I had various ideas circulating in my head for a post in rebuttal to yesterdays manual debate over oppo. My original idea was to write a scathing post about how defending the manual transmission is pointless and contrived. I then decided to write a satire on why the engine starting hand crank should be reintroduced in cars to mock the way people defend manual. But then I decided I would write my honest and true experience with the holy manual transmission.
I daily drive a 2002 Volkswagen GTI 1.8t and it is my baby. It never goes a week without a wax and polish and I've continuously modified it since I bought it as my first car two years ago. The only problem is, it's an automatic; A 5 speed Tiptronic. Except, it's not really a problem at all. I always drive in "manual" mode and I love it. For living in Chicago, it's ideal for the environment it lives in and I enjoy driving it.
Now, about 6 months ago I was presented with a golden opportunity. The opportunity I had been waiting for as a car guy, the opportunity to learn how to drive manual. I went over to my buddy's house and we talked cars for a bit in his driveway before he popped the question. "Do you want to learn Manual?" he said.
My heart almost stopped and I sheepishly muttered, "yeah, sure I guess"
He drove me to a local parking lot and we stopped dead center in the middle of it's vast open asphalt plains. The car in question was a 90's Mercedes-Benz 190E 2.6 I6 with a 5 speed, a borderline unicorn, especially here in the states, not to mention Senna himself owned the exact same car, down to the very color. We switched seats and he instructed me on what to do. I stalled at first but quickly got the hang of it and I knew how to drive manual about 30 minutes later, finally. And afterwards I was ecstatic, I couldn't sleep I was so excited. But then it hit me after the buzz wore off. It wasn't special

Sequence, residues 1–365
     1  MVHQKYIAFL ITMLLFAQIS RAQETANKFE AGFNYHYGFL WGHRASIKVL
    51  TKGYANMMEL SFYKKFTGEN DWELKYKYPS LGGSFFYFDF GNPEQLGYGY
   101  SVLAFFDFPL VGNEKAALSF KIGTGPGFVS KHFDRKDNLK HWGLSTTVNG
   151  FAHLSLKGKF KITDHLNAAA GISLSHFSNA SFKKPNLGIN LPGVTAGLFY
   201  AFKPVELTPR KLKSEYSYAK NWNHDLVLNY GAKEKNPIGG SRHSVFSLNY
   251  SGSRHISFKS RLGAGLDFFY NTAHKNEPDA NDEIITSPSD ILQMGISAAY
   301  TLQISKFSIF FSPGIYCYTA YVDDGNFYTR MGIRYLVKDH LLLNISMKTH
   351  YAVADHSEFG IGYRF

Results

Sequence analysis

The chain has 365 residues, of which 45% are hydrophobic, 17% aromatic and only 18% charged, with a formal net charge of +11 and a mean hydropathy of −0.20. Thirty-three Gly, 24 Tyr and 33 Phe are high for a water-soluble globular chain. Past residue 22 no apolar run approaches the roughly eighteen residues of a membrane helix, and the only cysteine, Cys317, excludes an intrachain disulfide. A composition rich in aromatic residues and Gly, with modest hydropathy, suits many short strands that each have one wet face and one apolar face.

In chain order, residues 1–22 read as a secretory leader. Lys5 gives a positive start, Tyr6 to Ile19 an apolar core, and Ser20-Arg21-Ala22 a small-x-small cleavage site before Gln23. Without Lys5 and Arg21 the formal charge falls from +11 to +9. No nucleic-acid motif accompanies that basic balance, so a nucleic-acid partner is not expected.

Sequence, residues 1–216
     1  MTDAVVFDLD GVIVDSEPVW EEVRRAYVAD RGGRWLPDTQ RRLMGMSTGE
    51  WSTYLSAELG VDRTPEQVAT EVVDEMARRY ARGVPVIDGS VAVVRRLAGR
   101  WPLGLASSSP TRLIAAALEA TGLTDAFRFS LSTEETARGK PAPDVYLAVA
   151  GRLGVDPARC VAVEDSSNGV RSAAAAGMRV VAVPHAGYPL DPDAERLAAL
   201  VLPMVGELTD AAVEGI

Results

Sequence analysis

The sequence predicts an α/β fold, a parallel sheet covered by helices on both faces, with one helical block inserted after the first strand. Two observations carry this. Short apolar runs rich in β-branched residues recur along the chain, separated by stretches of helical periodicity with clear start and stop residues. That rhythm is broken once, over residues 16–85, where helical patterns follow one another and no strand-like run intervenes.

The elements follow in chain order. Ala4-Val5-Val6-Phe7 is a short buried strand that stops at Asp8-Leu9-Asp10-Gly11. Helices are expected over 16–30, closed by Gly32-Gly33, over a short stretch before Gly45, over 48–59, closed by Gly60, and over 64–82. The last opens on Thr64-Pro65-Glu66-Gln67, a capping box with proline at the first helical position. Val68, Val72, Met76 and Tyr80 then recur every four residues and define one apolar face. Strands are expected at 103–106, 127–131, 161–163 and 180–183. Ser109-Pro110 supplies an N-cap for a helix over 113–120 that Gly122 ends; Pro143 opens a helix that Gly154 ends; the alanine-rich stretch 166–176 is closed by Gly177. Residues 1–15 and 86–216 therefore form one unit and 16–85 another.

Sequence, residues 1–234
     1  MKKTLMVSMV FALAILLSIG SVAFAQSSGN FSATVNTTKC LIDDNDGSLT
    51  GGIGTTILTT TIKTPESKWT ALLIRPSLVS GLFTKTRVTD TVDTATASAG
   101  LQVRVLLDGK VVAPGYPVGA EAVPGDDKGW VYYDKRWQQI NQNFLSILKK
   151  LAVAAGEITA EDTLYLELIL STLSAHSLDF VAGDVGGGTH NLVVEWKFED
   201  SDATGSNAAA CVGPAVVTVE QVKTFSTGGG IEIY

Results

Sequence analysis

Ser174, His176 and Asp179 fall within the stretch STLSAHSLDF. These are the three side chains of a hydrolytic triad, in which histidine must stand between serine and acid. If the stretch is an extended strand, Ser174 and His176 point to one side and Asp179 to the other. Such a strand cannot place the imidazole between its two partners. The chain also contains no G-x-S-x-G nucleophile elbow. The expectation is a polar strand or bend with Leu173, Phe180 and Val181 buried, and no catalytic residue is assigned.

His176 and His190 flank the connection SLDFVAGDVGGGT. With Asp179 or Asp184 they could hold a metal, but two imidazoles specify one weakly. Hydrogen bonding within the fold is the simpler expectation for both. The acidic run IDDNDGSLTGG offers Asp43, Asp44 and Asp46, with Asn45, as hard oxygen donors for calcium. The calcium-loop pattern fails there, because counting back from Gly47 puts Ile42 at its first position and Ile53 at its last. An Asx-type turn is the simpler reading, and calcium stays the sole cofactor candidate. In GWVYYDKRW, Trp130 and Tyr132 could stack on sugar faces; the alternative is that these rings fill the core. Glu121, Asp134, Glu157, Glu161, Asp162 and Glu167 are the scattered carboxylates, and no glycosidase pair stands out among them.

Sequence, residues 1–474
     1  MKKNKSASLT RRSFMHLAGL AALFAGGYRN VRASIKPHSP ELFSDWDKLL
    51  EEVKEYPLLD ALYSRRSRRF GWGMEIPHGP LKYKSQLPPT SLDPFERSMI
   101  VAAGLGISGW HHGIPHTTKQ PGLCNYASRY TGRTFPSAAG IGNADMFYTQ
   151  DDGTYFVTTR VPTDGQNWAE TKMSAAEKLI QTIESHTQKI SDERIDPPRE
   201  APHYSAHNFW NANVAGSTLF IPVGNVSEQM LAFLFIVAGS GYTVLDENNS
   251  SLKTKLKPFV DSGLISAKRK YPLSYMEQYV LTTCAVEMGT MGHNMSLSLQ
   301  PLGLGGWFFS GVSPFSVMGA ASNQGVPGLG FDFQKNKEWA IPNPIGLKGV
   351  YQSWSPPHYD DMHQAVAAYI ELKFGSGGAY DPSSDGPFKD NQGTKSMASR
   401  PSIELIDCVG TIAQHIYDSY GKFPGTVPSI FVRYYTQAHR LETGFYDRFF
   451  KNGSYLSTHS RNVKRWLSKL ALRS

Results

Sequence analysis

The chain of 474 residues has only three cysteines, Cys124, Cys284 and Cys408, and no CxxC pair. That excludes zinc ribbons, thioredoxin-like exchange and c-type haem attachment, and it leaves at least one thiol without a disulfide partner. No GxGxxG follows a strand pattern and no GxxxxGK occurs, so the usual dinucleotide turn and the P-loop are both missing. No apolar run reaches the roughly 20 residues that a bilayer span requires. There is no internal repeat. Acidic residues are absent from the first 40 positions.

It wasn't special at all, it was fun sure, but the magical aura that I thought I would experience just wasn't there. It was disappointing. But I got all I could ever want out of that experience. It was fun, engaging, I learned very fast and it was in a car that most people will never see in their lives much less drive.
As a gear head, it was the most disappointing moment in my gear head life. Watching Initial D for the first time was more memorable than learning how to drive manual.
And it wasn't because learning manual itself is disappointing. It's because of my experience on Jalopnik prior, there was no conceivable way that it could have lived up to the hype. Did I love it? Sure, it was fun and my next car will most likely be a manual. But it wasn't the certain special thing that people here so avidly defend for naysayers.
I thought I would hate my car after learning manual, but I was wrong. I appreciated it even more so than before. I loved it more for what it is, and if that means an auto 5speed with a torque converter and computer controlled shifts from a side slot on the auto shiftgate, who cares? I didn't.
I believe I've now come to a revelation in my gear head life. It's not about the transmission, or the engine, or the suspension, or all of those things in unison, it's about how a car makes you feel. I love my GTI even with it's auto Tiptronic. Some people may say I'm not a real car enthusiast because I don't drive a manual, but why should that be a measure of car admiration?
Don't let anyone ever tell you that you don't love cars as much as anyone else just because you don't drive a manual. Don't let anyone try to minimize your passion because you prefer flappy paddles over a stick. We're all on the same team here, and while the manual transmission is a great thing, it's not the only great thing. And by no means should it ever become divider amongst this great big family we call the car community. From grassroots drifters in Japan to offroaders and mudders in America we all share this great passion for freedom and personal expression through these great machines.
So leave the manual argument aside, and pull up a seat or a spare tire, crack open a beer, and lets talk cars.